Ex-Election Watchdog Urged to Probe Donation to Newsom Recall Bid

This photo shows California Governor Gavin Newsom dining at the exclusive restaurant French Laundry. Newsom was heavily criticized when the photo surfaced in November because it appears to show him violating his own Covid-19 restrictions. (Image via Courthouse News)

LOS ANGELES (CN) — The California attorney general should launch an immediate investigation into a “dark money scheme” involving a company’s $500,000 donation to the Republican-led recall campaign against California Governor Gavin Newsom, a former Federal Elections Commission member said Monday.

The recall campaign, Rescue California, is led by Lincoln Club of Orange County and former state Republican Party Chair Tom Del Beccaro. The $500,000 donation was made on Dec. 18 by the Orange County-based “Prov 3:9, LLC” according to state records.

“The entity appears to be nothing more than a shell company being used to evade disclosure of the person or persons funding the recall contribution,” wrote Ann Ravel, a former Democratic FEC commissioner and former chair for the California Fair Political Practices Commission (FPPC) in a letter to Becerra and FPPC chair Richard Miadich.

“But the people of California are entitled to know who is trying to force a costly special recall election that could cost $80-100 million just months before the primary elections for the same office.”

According to Ravel, Prov 3:9 LLC has no record of providing any consulting services and does not have a registered business license. Filings with the California Secretary of State show just two members listed as agents with the company: Orange County-based attorney Gordon Schaller as agent for service of process and Thomas Liu, an Irvine-based CPA who has the same business address as Prov 3:9.

Liu did not immediately return calls for comment.

The company takes its name from the book of Proverbs in the Bible, which says, “Honor the Lord with your wealth and with the best part of everything you produce.”

But the anonymous donation to recall Newsom likely violates the Political Reform Act, Ravel said.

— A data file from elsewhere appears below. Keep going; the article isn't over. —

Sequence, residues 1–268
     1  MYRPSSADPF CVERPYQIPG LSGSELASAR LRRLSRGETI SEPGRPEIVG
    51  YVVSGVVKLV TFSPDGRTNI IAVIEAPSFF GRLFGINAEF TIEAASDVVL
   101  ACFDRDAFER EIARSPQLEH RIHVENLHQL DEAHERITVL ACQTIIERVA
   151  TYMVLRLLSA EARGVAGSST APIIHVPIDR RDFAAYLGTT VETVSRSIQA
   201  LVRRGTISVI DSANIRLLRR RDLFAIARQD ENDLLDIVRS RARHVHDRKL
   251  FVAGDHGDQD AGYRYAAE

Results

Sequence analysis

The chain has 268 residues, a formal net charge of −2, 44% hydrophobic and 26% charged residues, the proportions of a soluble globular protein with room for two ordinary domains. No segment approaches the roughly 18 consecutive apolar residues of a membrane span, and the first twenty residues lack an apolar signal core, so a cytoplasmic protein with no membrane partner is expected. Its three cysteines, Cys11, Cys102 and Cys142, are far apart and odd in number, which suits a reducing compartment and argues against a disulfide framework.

She noted that in 2012, while she was a member of the state’s Fair Political Practices Commission, two groups linked to the ultra-conservative Koch brothers were fined $1 million as part of the FPPC’s investigation into $15 million spent by those groups on ballot proposals that were not properly disclosed.

“I therefore respectfully request that the attorney general and FPPC take the same action that we did in 2012, and immediately investigate who is behind ‘Prov 3:9, LLC,’” Ravel wrote. “Such an investigation is also in keeping with the FPPC’s recent crackdown on the disclosure abuses by LLCs, calling them the ‘darkest of dark money.’

“Without immediate action, California will be giving the green light to wealthy donors to evade disclosure laws by setting up shell companies through which to make contributions. That in turn would be an existential threat to our state’s campaign finance disclosure laws.”

Ravel said Senate Bill 27, passed by the Legislature in 2014 in response to the Koch brothers incident, requires nearly all organizations or groups engaged in nonpolitical activity must report the source of funds for their political donations over $50,000.

Prov 3:9 LLC’s donation likely requires the company to file a recipient committee and reveal its donors.

Ravel said that if the LLC has only one individual donor, that person should have been reported as the contributor rather than the LLC itself.

“Put differently, it simply is not credible to believe a person would give $500,000 to a shell company without any strings attached or without any understanding or agreement regarding the purpose for which the funds were provided. Yet unless that is the case here, Prov 3:9 has violated the state’s campaign finance laws,” Ravel wrote.

The FPPC said it received the request for an investigation.

The Rescue California campaign did not immediately respond to request for comment.

In recent months, the recall campaign has gained some momentum, with the campaign’s organizers recently claiming they’ve gathered over 800,000 signatures. Organizers need nearly 1.5 million signatures — or 12% of the total number of voters in the last election — to advance their recall petition to a future ballot.

Newsom won the 2018 gubernatorial race in a landslide against businessman Republican challenger John Cox. The two vied for the seat after former Governor Jerry Brown termed out, with Newsom scoring 62% of the vote or roughly 7.7 million votes.

Upon taking office Newsom inherited a healthy $7 billion budget surplus and a $22 billion rainy-day fund. But by mid-2020, the pandemic spun California into a fiscal freefall with a $54 billion deficit though the true figure remains unknown.

Newsom’s response to the virus has galvanized conservatives in the Golden State who say his restrictive health lockdowns have been ineffective given the state has become the nation’s Covid-19 epicenter.

The governor’s personal stumbles don’t help curry favor: He attended a crowded birthday party for a lobbyist at the elite Napa restaurant French Laundry even as restaurants across the state struggled with bans on indoor — and in some counties outdoor — dining. Newsom has since apologized.

Former San Diego Mayor Kevin Faulconer has expressed interest in running for governor and recently launched an exploratory committee.

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